Hello. I am seriously interested in looking into starting this business. I have the perfect location and there is a need. My dad passed away @9 years ago and when it came time to select a funeral parlor near our home there were, surprisingly, very little options. In all this time, absolutely nothing has changed. I live in an community where there are many large family homes and retirement communities. I really think this would be a successful business.

    There’s just one small problem–actually it’s huge! Neither my husband or I have any experience with this type of business at all. I am an accountant and he is a salesman.

    I would love to know your thoughts.

    Thank you.

  15. Bonnie Price

    I am interested in opening a funeral home business. Do I need a specific charts of accounts for a funeral home? If so, would you send me an example of one. Thank you for posting the article.

  16. chris bartolone

    I worked part-time for a large funeral home here in Milwaukee. I really enjoyed the feeling of helping others. I have thrown around the idea of opening my own place for a number of years. I would love to pick your brain at some point.

  17. Rhea

    I really enjoyed this advice!

  18. Rilee Chastain

    Thanks for the comment, Rhea! We’re so happy you enjoyed the post!

  19. Debra

    This blog gives me hope as a female funeral director. I would also like to get information or maybe you could do another blog, seeing as there are quite a few of us that want to pick your brain. Again very informative, and definitely interesting.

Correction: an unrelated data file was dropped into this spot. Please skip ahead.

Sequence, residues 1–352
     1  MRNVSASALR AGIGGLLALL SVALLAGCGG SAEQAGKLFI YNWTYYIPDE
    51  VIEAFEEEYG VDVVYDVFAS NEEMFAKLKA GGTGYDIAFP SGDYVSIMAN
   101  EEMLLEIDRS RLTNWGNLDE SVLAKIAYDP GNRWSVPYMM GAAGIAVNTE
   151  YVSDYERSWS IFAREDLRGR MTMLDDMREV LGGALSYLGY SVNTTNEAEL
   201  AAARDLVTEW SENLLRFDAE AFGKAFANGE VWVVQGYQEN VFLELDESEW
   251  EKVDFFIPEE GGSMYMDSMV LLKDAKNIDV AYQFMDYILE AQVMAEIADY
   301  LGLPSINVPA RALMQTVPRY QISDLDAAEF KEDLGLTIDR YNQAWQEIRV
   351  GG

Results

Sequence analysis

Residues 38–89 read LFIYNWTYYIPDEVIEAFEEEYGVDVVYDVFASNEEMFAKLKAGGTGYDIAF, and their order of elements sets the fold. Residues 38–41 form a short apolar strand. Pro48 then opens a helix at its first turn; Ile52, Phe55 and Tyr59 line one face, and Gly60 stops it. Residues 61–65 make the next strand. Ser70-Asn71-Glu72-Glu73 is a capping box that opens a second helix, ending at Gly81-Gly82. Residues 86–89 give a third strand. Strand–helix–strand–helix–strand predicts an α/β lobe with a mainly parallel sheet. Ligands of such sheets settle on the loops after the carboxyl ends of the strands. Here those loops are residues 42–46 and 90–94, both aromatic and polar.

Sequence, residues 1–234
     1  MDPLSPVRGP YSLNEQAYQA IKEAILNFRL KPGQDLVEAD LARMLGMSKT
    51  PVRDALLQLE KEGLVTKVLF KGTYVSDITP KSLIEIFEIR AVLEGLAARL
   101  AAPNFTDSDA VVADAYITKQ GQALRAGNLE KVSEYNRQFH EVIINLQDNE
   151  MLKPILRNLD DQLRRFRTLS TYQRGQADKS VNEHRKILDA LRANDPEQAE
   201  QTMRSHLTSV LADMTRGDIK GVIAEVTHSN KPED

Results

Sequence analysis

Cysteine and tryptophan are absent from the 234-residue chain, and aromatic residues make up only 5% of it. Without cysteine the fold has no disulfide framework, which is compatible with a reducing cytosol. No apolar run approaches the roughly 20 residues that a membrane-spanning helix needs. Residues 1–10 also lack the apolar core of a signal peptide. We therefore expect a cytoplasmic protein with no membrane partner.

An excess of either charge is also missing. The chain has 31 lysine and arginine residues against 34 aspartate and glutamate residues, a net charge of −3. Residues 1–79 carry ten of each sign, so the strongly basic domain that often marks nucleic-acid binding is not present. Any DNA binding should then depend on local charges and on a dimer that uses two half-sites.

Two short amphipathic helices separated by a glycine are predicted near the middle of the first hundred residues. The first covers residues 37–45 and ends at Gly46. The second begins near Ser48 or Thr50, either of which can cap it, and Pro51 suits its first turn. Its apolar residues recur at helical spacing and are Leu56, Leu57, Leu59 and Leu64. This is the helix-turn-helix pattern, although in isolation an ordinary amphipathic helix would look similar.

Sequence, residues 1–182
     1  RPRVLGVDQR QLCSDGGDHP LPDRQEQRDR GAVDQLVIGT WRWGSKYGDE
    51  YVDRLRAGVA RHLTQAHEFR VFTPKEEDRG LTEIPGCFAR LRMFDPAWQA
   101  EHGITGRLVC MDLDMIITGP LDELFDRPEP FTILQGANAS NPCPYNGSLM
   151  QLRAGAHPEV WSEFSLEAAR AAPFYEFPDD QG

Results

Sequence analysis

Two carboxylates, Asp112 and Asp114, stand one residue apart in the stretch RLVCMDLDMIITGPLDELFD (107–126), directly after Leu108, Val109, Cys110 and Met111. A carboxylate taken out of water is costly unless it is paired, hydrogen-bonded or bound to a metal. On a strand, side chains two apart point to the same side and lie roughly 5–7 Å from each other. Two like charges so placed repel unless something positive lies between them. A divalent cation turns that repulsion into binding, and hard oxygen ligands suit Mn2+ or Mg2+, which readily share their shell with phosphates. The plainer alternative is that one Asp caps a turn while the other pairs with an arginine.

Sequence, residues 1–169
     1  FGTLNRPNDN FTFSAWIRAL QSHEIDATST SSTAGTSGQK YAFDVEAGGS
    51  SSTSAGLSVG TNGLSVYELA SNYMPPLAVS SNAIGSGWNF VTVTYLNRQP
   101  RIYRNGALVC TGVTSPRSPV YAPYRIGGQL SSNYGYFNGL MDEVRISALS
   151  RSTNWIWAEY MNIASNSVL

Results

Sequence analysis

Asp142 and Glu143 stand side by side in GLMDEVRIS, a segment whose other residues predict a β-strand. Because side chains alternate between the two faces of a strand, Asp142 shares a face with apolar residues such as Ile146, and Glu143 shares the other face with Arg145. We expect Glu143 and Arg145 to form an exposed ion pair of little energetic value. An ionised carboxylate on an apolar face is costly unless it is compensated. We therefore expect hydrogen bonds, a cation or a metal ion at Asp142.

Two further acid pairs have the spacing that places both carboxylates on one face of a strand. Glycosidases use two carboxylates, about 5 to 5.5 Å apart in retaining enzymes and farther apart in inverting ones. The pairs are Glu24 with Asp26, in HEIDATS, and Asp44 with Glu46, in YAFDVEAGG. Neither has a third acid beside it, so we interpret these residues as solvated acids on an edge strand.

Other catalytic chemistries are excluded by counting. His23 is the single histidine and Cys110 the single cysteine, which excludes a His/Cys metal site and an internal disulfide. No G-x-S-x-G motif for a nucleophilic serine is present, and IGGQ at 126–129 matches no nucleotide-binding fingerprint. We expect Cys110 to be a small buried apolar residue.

20. Rilee Chastain

    Hi Debra! Thanks so much for your comment. We would be happy to share more tips for managing a successful funeral home. Is there any topic in particular you would like to learn more about? Thanks for your kind feedback!

  21. Lesa

    I have recently sent out resumes to several funeral homes for a funeral director’s apprenticeship. I want to own and operate a funeral parlor close to my neighborhood. The decision to change careers is due to experiences good and bad with recent deaths of family members and a close mentor. I believe in my heart I have found my calling.
    Would some if not all of you share any advice for me as far as start up cost and do’s and dont’s, funding?

  22. Richard Chege

    I would like to do the same in my country. I am in kenya which is in east africa. I will get a list of questions and as you said on lesson 2 “your time has value” i will make it short and precise. i would like to try to make is affordable to rest your loved ones in dignity. we primarily bury people in kenya.there are not a lot of cremations as the kenyan-indians handle their own funerals. is this something you will be interested to advice on?

  23. Ben M

    For anyone asking about the start up cost – just conservatively guessing.

    In the outskirts of Cleveland Ohio (dirt cheap housing) a nice home is gonna cost 200k.
    Add yearly taxes, gas bill, electric, garbage etc. For the year

    A brand new caddilac hurst – just gonna guess a number. 80-100k

    Quality Caskets, earns, embalming equipment, Etc etc etc

    Just a really conservative start up guess in poor old Cleveland Ohio, half a million clams.

  24. Tiffany

    This was a very interesting read! Thank you so much! I’m planning on going to school for funeral directing and embalming and I want to open up my own funeral home one day.

    Thank you for sharing!

  25. Raynell Record